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Bright future for irrigation sector

Update: July, 12/2005 - 00:00

Bright future for irrigation sector


The Lang The irrigation project will provide water for nearly 27,000ha of agricultural land, as well as preventing another 31,000ha from salinity, when construction is completed in the second half of the year. — VNA/VNS Photo The Anh

HA NOI — Viet Nam will have nearly 16 million hectares under agricultural cultivation by the year 2010, says director Nguyen Tuan Anh, of the Viet Nam Institute for Water Resources Research.

The irrigation sector, said Anh, aims for sustainable development by guaranteeing a clean and adequate water supply, both for agricultural and domestic use.

Anh pointed out that the country has ample natural water resources, with an extensive network of rivers and streams, considerable groundwater resources and an average rainfall of 1,900mm per year.

In presenting a report looking back over 20 years of water resource development, Anh said the country now has nearly 80 large irrigation systems, up from only 12 in 1975. This water delivery system supplies over 5 billion cu.m for rural and domestic use and industrial production. At the same time, the ability to supply clean water to rural users has also increased from 28 per cent in 1996 to 58 per cent at the present time, thanks to the improved water delivery system.

Besides improving water supply and quality, sustainable development of water resources has also assisted in flood control along the Hong (Red), Thai Binh and Cuu Long rivers. Water resource engineers have accessed and applied international technology in the manufacture of pumps and small hydroelectric plants to benefit farmers, especially in mountainous areas.

In Viet Nam, 80 per cent of the population lives in rural areas where agriculture is the main industry. Small land holding size, especially in northern regions, makes it necessary for farmers to improve productivity and diversify crops to obtain greater income from the limited land available. These efforts must be supported by stable water supplies, and as rainfall is not evenly distributed, supplementary irrigation is required.

Despite the developments of the last 20 years, a large part of the existing irrigation and drainage system in Viet Nam is still not functioning properly, due to deterioration and improper maintenance.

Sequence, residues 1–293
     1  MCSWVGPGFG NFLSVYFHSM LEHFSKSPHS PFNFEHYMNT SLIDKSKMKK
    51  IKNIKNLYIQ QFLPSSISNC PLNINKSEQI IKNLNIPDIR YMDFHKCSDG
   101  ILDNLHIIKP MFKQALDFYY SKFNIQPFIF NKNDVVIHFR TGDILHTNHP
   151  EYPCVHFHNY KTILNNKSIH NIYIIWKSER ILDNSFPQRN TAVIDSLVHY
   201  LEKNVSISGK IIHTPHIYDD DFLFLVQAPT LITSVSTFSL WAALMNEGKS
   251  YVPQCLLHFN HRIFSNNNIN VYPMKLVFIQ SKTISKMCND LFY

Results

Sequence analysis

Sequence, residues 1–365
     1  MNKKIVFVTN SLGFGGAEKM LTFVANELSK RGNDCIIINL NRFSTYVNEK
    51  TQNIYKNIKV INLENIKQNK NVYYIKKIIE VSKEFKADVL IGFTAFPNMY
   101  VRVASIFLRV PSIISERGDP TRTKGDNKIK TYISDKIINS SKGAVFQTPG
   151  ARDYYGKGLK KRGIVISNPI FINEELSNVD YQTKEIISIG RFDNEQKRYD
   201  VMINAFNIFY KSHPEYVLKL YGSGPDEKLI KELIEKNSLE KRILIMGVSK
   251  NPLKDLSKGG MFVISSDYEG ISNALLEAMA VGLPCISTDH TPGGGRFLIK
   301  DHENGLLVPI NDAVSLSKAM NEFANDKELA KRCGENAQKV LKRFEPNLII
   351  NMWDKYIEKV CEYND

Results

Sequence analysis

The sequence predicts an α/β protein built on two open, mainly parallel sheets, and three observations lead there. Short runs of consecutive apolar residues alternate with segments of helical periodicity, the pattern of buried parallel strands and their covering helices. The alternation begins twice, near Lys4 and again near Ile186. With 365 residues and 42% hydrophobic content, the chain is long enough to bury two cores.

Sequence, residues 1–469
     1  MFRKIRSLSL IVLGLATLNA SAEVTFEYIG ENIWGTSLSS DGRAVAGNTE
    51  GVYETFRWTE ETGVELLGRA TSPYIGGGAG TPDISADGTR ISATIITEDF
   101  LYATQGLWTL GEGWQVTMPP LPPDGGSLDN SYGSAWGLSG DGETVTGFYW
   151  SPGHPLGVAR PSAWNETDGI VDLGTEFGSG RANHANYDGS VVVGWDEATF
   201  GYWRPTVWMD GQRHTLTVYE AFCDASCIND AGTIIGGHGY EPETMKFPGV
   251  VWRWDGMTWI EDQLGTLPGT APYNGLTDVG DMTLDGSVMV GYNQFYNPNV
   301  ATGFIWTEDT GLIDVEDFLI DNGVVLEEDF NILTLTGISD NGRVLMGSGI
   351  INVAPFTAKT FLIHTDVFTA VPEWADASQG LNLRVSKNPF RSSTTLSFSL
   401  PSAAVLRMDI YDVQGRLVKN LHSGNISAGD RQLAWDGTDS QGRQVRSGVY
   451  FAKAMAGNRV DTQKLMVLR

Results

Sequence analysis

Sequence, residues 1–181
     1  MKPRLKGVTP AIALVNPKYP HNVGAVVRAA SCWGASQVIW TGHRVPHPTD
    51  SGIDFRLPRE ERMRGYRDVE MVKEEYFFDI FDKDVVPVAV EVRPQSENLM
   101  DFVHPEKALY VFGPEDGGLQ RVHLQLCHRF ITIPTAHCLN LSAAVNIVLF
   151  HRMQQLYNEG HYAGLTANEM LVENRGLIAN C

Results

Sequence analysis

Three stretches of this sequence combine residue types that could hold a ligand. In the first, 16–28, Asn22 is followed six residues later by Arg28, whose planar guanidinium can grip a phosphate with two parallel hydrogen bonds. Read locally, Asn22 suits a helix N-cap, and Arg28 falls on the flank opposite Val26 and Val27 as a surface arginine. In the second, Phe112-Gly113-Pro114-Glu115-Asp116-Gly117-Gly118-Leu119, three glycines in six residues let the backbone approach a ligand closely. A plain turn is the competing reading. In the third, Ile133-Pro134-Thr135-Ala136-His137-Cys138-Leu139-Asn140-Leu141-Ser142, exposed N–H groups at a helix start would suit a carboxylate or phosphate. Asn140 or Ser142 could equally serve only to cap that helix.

The quality and quantity of water resources has also been negatively impacted upon by factors such as increasing population, pollution and climate change, and there has been dispute over water use and allocation among countries sharing international rivers like the Red and Mekong rivers.

To deal with these difficulties, the sector will employ and study international technology, as well as inviting domestic and international experts to guide new developments.

Anh said the nation would also create policies to encourage water resources professionals in Viet Nam to further their studies and contributions to development.

In a related development, representatives of relevant Vietnamese agencies met with the Japanese International Co-operation Agency (JICA) recently to finalise the content of a project to improve Viet Nam’s agricultural productivity through new irrigation measures.

The signing ceremony took place at the Viet Nam Institute for Water Resources Research (VIWRR), under the Ministry of Agriculture and Rural Development (MARD).

Concentrating on 25 provinces in the Red River Delta region, the project will focus on improving the participatory irrigation management (PIM) system, through the VIWRR.

The project, expected to last for five years, aims to produce PIM guidelines and manuals, implement training courses in water management methods, and train VIWRR engineers to themselves work as PIM trainers.

The new PIM trainers will help IMC engineers in each province implement improved methods for water management and organisation.

PIM aims to improve agricultural productivity, in terms of both yield and cost, through implementing new farming and engineering techniques. A centre for PIM was recently established at the VIWRR.

As the PIM concept is fairly new to workers involved in irrigation at all levels, it will be necessary to carry out technology transfers from more experienced countries to successfully implement PIM in Viet Nam. To this end, MARD requested that the Government of Japan provide technical assistance for Viet Nam’s fledgling PIM system. — VNS

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